A Catholic priest has expressed fear over the loud-mouthed Nigeria’s secular status considering the roles played by any government in power in the country in undermining such constitutional conferral.
Rev. Fr. Thomas Ebong in an interaction with Straightnews recalled that “Nigeria’s president, Muhammadu Buhari recently flew out to Istanbul for the D-8 meeting. I wonder how many Nigerians understand the meaning of D-8?”
On October 17, 2017, Buhari arrived at Istanbul, capital of Turkey for the D-8 meeting.
Ebong, a retired Dean of the School of Communication Arts, Akwa Ibom Sate Polytechnic, Ikot Osurua, Ikot Ekpene, queried “In the Nigerian media, you see something like ‘Developing 8’ and yes, it is also known as ‘Developing 8’ but what is ‘Developing 8’?
The eight developing Muslim countries that make up D-8 are Bangladesh, Egypt, Indonesia, Iran, Malaysia, Nigeria, Pakistan and Turkey.
Continuing, he stated, “Do you get the drift yet? Nigeria named amongst hardcore Islamic nations! And if you think this is some kind of regular, harmless bilateral or diplomatic relations, read below the history of the D-8.
“The idea of co-operation among major Muslim developing countries was mooted by Prof. Dr. Necmettin Erbakan, the then Prime Minister of Turkey, during a Seminar on “Cooperation in Development” which was held in Istanbul in October 1996.
“The group envisioned co-operation among countries stretching from South East Asia to Africa. Representatives from Bangladesh, Egypt, Indonesia, Iran, Malaysia, Nigeria and Pakistan attended the Seminar.
“This conference was the first step towards the establishment of D-8 and it was only after a series of preparatory meetings that D-8 was set up officially and began its activities with the Istanbul Declaration issued at the end of the summit of Heads of State and Government held in Istanbul on 15 June 1997,” he explained.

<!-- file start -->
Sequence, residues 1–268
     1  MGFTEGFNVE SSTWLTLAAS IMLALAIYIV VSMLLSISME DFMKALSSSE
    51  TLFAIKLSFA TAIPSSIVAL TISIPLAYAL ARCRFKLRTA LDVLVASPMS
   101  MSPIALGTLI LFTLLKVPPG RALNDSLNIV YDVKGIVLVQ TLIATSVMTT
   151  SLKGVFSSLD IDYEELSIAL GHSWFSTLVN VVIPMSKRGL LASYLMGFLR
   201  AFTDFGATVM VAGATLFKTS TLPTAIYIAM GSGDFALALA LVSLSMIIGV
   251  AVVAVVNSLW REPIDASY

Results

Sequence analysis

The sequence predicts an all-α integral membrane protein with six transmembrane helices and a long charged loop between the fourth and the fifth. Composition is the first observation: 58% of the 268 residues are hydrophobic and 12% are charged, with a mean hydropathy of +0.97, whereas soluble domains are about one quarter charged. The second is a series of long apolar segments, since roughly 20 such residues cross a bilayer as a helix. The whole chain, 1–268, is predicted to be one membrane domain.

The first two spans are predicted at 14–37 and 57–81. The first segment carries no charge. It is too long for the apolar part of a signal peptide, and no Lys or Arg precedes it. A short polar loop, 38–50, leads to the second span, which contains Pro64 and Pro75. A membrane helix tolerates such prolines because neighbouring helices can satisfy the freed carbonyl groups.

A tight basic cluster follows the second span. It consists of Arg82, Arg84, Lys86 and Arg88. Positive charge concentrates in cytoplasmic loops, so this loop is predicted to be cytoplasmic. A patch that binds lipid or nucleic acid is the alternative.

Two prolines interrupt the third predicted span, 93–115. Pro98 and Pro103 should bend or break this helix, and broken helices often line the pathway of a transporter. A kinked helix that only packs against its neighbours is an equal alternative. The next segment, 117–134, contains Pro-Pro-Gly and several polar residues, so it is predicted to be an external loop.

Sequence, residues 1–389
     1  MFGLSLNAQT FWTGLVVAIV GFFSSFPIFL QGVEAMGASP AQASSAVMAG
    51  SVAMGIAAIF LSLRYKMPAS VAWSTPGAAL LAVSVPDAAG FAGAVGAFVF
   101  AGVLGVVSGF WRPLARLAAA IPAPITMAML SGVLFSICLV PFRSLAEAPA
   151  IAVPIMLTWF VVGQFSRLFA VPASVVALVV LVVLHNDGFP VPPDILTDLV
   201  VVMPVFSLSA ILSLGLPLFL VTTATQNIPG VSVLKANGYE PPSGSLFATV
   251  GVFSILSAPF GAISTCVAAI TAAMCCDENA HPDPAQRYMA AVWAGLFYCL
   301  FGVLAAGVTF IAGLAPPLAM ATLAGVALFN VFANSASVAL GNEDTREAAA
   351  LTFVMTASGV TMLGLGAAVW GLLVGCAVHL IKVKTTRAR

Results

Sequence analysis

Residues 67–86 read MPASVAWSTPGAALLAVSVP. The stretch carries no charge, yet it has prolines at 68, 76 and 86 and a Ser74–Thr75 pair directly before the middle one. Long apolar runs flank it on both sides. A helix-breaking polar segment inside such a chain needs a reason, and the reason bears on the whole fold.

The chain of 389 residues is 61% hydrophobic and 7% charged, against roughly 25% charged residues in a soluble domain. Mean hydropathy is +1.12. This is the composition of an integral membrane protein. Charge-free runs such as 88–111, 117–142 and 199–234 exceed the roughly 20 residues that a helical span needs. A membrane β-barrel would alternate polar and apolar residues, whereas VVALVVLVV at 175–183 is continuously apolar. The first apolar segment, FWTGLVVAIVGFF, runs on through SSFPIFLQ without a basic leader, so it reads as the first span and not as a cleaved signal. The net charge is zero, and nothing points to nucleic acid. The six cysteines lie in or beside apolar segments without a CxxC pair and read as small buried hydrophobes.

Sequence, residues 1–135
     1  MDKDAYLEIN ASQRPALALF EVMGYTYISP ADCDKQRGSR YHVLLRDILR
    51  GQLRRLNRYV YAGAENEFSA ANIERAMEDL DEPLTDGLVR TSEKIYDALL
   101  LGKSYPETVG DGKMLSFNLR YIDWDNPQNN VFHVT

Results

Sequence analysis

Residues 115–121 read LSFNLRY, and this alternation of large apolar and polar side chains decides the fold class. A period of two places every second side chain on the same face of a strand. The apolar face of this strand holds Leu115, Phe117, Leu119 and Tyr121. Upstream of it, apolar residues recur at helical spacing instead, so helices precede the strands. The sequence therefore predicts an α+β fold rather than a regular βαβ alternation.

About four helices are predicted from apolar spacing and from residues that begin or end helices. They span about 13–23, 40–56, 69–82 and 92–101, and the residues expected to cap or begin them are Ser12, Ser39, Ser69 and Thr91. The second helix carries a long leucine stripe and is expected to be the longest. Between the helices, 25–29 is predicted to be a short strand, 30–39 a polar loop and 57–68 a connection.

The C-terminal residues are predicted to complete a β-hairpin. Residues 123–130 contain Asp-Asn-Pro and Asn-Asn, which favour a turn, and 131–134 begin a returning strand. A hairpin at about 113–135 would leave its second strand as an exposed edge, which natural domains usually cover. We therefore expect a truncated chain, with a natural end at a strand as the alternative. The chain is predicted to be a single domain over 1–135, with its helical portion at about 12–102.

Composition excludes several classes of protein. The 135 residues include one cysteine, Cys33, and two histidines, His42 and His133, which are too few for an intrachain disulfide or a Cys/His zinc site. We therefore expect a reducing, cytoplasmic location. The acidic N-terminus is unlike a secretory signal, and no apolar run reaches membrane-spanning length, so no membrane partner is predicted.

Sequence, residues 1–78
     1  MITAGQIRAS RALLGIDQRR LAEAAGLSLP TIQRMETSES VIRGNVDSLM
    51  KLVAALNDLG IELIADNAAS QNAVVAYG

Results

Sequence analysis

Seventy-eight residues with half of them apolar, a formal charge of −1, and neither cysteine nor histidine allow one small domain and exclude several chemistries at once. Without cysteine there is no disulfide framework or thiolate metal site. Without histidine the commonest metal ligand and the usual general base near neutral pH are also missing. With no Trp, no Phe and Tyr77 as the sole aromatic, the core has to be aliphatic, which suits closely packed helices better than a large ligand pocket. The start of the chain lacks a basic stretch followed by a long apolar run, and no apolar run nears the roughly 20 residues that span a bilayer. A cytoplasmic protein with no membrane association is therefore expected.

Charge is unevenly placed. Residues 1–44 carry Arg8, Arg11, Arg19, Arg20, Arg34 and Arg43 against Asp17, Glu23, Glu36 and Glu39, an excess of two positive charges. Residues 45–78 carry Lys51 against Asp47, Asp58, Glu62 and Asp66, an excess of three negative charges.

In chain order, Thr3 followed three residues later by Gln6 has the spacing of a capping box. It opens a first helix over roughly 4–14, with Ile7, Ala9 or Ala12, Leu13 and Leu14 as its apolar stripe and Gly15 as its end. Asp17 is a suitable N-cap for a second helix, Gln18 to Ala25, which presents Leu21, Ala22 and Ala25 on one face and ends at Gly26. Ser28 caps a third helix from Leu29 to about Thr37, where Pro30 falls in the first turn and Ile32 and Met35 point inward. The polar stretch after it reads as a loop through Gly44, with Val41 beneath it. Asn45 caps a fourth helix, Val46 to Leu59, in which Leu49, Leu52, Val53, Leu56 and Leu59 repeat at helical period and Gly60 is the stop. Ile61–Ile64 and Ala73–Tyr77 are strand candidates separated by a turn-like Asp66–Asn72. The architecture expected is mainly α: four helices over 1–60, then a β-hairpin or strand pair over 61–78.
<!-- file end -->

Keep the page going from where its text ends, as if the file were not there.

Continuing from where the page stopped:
He narrated “Nigeria was represented at the All Islamic Games in Baku, Azerbaijan. The Christian Association of Nigeria, CAN, got a wind of it and raised alarm but they were arrogantly ignored because the deed was done!
“Is not that how Sukuk, the Islamic Bond was recently introduced in Nigeria and the Nigerian Government has since dumped billions of Nigerian Naira into the venture. But wait! What is Sukuk by the way? Sukuk is a Legal Instrument, Deed or Cheque – simply an Arabic name for Financial Certificates or some type of loans agreement.”
The Akwa Ibom-born priest delved in thus “SUKUK is also regarded as “Sharia-Compliant Bond!” The Fiqh Academy of the OIC legitimized the use of Sukuk in February of 1988. It is meant for full blown Sharia – Compliant Islamic Nations or Regions.
“Sukuk uses billions of Nigeria’s collective wealth to issue Interest – Free loans to, i guess you know who…Again, the Christian Association of Nigeria, CAN raised alarm, and like that of the Islamic Games, it fell on deaf arrogant ears! Why, because Nigerian Christians are TOAST!
“Remember also that Nigeria is a full member of the Islamic Military Alliance, IMA, the Islamic world’s impression of NATO. And Nigeria is also a full member of the OIC, Organization of Islamic Countries/Conferences.”